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By Sally MacDonald on

Special Exhibitions Gallery: Revealed

Our spectacular new Special Exhibitions Gallery is now complete and ready to originate and host some of the world’s best science exhibitions and experiences in the North.

As a museum we are unbelievably lucky to inhabit some exceptionally important and beautiful historic buildings. This site was once the Manchester terminus of the Liverpool and Manchester Railway—the world’s first inter-city railway in the world’s first industrial city. For decades its sheds, warehouses and freight yards would have thronged round the clock with workers loading trucks and carriages with the imports and exports that fed the city’s people and its booming industries; everything from sugar to soap, cotton to cauliflowers. Buildings weathered, were demolished, adapted and rebuilt as needed to respond to market needs.

We are incredibly fortunate that so many of these buildings survived. The 1830 Station is the world’s oldest surviving purpose-built passenger station. The 1830 Warehouse is the world’s first railway warehouse. The iconic Power Hall was once the shipping shed for loading goods from rail to road. These working buildings and others in the area are all monuments to the city’s history over nearly two centuries. Nearly 40 years ago now, they began to be adapted for museum use, helping to tell the story of the city. Yet whilst they are a joy to work in and interpret, they can be a challenge to adapt for museum activities and audiences.

Most of our visitors currently enter through the New Warehouse, built in 1882 alongside the site’s busy railway yards, for the efficient storage of a range of goods on their way to market. With its brick and cast-iron structure and large, open floorplates, it is more adaptable to new uses than many historic buildings and in recent decades it has been modified to house everything from popular galleries and open storage to conference and office space.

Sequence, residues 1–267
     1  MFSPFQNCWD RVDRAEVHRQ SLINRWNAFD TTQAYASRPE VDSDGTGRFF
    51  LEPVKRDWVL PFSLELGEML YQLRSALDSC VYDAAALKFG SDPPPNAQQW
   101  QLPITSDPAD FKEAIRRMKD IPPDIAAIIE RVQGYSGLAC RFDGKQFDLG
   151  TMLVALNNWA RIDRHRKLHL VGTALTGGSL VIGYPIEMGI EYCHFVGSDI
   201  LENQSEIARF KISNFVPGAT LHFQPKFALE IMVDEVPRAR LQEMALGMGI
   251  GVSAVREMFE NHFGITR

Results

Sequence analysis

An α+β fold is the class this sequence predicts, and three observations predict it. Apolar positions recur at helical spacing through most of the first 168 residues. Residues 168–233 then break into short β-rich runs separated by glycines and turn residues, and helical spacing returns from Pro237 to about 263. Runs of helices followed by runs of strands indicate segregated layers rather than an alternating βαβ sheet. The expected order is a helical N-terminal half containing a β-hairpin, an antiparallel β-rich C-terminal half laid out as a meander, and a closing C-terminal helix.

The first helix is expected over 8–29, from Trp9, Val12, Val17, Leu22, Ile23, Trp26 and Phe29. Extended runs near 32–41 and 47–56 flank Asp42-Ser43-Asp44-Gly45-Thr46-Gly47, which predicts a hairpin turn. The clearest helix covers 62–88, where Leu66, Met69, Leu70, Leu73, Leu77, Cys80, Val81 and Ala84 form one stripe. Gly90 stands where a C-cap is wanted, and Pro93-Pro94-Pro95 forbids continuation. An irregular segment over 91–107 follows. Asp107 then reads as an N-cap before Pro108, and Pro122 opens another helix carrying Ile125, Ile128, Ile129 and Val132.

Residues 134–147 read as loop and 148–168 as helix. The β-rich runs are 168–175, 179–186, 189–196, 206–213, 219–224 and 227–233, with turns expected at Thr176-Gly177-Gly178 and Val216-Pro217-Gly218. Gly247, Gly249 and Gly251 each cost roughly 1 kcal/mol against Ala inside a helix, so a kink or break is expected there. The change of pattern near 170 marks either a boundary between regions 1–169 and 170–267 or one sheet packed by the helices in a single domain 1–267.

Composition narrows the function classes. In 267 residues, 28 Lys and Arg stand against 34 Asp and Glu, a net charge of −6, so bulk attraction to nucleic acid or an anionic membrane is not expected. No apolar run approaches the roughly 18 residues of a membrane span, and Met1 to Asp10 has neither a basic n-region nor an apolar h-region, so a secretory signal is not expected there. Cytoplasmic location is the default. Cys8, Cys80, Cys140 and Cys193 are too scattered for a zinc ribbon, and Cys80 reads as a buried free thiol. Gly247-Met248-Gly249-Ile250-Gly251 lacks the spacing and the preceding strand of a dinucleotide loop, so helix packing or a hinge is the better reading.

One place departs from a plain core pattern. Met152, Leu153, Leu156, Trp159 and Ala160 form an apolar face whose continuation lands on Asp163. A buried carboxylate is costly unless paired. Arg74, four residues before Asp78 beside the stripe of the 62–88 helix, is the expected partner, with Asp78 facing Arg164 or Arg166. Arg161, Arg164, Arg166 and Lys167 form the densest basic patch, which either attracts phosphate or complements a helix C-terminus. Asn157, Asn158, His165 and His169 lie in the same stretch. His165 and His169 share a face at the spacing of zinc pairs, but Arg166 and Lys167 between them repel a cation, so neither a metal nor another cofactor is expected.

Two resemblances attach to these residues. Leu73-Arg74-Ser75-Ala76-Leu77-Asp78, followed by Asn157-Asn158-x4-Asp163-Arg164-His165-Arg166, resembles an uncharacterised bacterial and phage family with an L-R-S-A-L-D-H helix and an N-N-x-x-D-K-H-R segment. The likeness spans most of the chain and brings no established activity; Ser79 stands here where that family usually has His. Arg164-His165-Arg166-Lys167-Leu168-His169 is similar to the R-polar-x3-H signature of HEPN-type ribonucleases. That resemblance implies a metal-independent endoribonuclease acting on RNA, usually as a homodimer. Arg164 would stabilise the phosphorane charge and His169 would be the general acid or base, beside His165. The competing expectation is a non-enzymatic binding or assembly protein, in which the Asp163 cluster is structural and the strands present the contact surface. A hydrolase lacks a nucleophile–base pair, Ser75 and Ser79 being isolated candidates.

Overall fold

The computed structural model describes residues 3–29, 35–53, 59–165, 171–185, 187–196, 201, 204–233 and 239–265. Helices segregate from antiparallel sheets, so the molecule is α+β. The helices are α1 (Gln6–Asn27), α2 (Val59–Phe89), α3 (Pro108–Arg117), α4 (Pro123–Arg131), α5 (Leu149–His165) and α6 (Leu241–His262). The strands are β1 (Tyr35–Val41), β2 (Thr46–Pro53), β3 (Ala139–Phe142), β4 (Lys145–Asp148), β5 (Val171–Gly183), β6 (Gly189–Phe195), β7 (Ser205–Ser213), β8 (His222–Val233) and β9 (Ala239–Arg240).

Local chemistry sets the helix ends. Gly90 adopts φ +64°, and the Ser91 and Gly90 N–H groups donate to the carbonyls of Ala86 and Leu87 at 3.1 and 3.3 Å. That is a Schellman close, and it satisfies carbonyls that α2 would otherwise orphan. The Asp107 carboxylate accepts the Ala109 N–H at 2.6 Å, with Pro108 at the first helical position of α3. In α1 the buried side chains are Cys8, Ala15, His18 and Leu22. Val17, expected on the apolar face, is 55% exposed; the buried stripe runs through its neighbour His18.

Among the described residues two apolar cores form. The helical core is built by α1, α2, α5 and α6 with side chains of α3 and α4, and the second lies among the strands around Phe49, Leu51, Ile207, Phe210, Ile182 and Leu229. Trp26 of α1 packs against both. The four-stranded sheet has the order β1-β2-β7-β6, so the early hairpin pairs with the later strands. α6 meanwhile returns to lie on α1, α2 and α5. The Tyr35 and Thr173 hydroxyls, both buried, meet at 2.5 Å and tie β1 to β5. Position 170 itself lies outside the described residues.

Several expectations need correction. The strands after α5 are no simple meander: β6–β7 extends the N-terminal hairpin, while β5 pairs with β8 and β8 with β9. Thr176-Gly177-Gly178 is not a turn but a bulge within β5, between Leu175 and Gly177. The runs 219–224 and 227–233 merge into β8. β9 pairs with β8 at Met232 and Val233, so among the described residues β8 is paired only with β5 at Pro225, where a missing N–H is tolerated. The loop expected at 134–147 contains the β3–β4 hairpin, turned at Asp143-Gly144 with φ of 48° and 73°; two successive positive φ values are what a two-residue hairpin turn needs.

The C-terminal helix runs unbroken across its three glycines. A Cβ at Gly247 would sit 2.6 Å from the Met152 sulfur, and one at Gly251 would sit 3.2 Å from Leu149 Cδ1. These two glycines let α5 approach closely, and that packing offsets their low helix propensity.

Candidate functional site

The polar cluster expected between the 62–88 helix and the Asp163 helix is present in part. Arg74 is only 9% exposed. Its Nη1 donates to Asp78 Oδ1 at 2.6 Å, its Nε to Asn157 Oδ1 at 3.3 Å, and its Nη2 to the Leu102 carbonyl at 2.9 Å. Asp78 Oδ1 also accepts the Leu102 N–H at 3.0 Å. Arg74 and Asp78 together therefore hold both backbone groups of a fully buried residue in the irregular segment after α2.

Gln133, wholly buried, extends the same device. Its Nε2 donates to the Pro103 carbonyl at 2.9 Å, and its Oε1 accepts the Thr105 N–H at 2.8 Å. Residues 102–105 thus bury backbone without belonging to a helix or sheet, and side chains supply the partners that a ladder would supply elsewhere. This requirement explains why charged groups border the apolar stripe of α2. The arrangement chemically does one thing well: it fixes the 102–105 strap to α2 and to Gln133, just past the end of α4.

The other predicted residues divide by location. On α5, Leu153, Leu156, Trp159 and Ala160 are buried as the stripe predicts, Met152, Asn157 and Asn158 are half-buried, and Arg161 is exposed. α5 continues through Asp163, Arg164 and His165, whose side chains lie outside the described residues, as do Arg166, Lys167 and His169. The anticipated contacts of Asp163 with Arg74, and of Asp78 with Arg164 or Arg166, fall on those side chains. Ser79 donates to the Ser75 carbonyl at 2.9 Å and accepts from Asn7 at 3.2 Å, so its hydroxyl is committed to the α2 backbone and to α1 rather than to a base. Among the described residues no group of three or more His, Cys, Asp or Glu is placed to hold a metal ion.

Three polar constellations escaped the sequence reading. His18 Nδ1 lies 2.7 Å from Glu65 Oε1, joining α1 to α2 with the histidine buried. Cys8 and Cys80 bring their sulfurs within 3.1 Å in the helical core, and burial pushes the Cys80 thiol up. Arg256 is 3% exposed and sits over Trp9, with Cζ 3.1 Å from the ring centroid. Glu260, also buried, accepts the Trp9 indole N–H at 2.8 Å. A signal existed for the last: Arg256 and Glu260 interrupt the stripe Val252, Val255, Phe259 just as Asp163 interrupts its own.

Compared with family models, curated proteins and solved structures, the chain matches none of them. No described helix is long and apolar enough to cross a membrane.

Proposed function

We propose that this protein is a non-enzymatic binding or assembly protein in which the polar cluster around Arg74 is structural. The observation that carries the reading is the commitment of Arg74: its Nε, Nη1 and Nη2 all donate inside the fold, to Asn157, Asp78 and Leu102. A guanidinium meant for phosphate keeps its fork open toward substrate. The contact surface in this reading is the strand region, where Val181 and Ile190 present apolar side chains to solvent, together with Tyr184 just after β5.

In 2012 the museum joined the Science Museum Group (SMG), the world’s leading group of science museums. This gave us the impetus to think big, to re-imagine the experience we could offer our visitors, to invest in the much-needed conservation of our wonderful historic site, and to rethink how best to develop it for future visitors.

We are delighted that a multi-million-pound long-term programme of investment is now underway to carry out crucial restoration work and open up new spaces and new perspectives on our site. What happened here changed the world and still impacts our lives today, and whilst it’s vital that we tell that historical story, it’s so much more important that we use it to inspire the city’s future scientists, entrepreneurs and innovators, so that Manchester’s young people can help power the next (green) industrial revolution in all its forms, including digital and zero carbon technologies.

One obvious area of development was provision for changing exhibitions. Joining SMG meant we were able to expand our visitor offer dramatically by bringing to Manchester a series of world-class exhibitions such as Collider, Robots and The Sun. This was where we hit a couple of major problems. The gallery space we had was on the first floor, which meant that whenever we wanted to show objects too big to go in our lift, we needed a telehandler to load them carefully in through the window—a delicate and time-consuming job. The other problem was the low ceiling height, which restricted our ability to create drama and variety when building exhibition sets. To do justice to our exhibitions and the experience of our visitors, we needed a different space.